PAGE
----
The second part of today’s reading is, of course, one of the best known prophecies of the coming of Christ, quoted in part by the Holy Evangelist Matthew in the Gospel itself:  

Now when Jesus had heard that John was cast into prison, he departed into Galilee; And leaving Nazareth, he came and dwelt in Capernaum, which is upon the sea coast, in the borders of Zabulon and Nephthalim: That it might be fulfilled which was spoken by Esaias the prophet, saying, The land of Zabulon, and the land of Nephthalim, by the way of the sea, beyond Jordan, Galilee of the Gentiles; The people which sat in darkness saw great light; and to them which sat in the region and shadow of death light is sprung up. From that time Jesus began to preach, and to say, Repent: for the kingdom of heaven is at hand. – Matthew 4: 12-17 

St. Matthew is stating that the words of Esaias are now fulfilled in his time, when he saw with his own eyes the true Light, Christ Himself, Who began His public ministry among His own neighbors the Galileans, who inhabited what was once the northern kingdom of Israel, which had become mixed with the pagans after the Assyrian conquest and therefore were a “people which sat in darkness.”  St. Symeon the New Theologian reminds us that we too are sitting in darkness, and that to be enlightened we must choose to look towards the light:   

You must learn and be convinced that those who sit in darkness will see the great light shine if only they look toward it.   Also, though it shone in the past, one should not think that people today cannot see it while they are still in the body.  If it were impossible to see it, why did it shine then, and why does it still shine even when it is not seen?   In fact, the light always existed (John 1:1) and always shone and still shines in those who have been cleansed.  It shone in the darkness, and the darkness did not overcome it (John 1:5), and it shines now, and the darkness does not overcome it.  It does not even touch it.”Discourses 34.12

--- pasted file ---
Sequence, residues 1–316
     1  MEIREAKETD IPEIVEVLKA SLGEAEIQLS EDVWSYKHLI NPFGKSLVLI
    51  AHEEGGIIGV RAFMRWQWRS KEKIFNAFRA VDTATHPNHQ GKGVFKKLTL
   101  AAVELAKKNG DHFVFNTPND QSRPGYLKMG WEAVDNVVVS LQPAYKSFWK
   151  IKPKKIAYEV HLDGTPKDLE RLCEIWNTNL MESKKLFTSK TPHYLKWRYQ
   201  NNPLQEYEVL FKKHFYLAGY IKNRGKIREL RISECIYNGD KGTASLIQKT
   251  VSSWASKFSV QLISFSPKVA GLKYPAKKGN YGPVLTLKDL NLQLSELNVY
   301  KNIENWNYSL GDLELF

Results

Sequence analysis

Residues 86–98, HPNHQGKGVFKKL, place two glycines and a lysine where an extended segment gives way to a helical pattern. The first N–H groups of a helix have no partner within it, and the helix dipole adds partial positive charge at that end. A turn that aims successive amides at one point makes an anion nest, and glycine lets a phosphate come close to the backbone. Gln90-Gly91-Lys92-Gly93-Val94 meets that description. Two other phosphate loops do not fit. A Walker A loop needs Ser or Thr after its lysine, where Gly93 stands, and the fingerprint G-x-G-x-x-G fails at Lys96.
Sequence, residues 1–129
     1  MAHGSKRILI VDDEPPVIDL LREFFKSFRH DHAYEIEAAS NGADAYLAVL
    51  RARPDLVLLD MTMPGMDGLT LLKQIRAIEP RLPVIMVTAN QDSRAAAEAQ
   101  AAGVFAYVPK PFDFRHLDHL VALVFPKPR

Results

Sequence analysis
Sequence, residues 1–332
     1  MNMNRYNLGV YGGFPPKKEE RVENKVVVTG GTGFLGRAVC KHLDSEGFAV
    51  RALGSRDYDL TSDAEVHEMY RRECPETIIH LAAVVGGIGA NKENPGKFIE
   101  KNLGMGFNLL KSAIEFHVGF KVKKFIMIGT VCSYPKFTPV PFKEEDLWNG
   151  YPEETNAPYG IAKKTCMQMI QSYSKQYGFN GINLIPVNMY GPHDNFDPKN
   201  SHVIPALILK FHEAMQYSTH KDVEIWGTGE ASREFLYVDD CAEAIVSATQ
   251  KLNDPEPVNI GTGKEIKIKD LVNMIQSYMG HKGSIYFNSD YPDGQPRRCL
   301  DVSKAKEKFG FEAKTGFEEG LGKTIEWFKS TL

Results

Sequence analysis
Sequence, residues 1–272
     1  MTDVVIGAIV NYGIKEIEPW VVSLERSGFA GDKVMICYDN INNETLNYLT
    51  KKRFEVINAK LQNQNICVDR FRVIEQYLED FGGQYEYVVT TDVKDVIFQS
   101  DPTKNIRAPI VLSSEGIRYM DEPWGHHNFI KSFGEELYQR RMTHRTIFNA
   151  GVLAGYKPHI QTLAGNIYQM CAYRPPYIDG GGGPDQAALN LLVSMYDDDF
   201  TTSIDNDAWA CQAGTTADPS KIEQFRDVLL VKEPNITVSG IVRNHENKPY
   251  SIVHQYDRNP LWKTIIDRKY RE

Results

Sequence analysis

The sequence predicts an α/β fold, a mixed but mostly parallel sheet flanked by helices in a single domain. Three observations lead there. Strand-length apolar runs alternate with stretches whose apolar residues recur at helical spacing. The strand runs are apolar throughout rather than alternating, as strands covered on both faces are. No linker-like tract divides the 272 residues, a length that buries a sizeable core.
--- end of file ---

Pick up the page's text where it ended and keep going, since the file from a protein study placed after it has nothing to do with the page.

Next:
We have a choice to make:  We can become fascinated by the darkness in the world, even though we hate it, and we can become hypnotized by all the bad news, or we can occupy our minds with the Good News and let the light of Christ shine in our minds continually through the struggle for attention, the remembrance of God, and unceasing prayer.   Through the prayers of the holy prophets and evangelists, our holy fathers like St. Symeon, and all the saints, may we tear our minds away from the darkness and turn towards the true Light daily.  If we dwell in the light which the world cannot overcome – or even touch – the darkness of the world shall never overcome us.   

“Be of good cheer,” saith the Lord.  “I have overcome the world  (John 16:33).”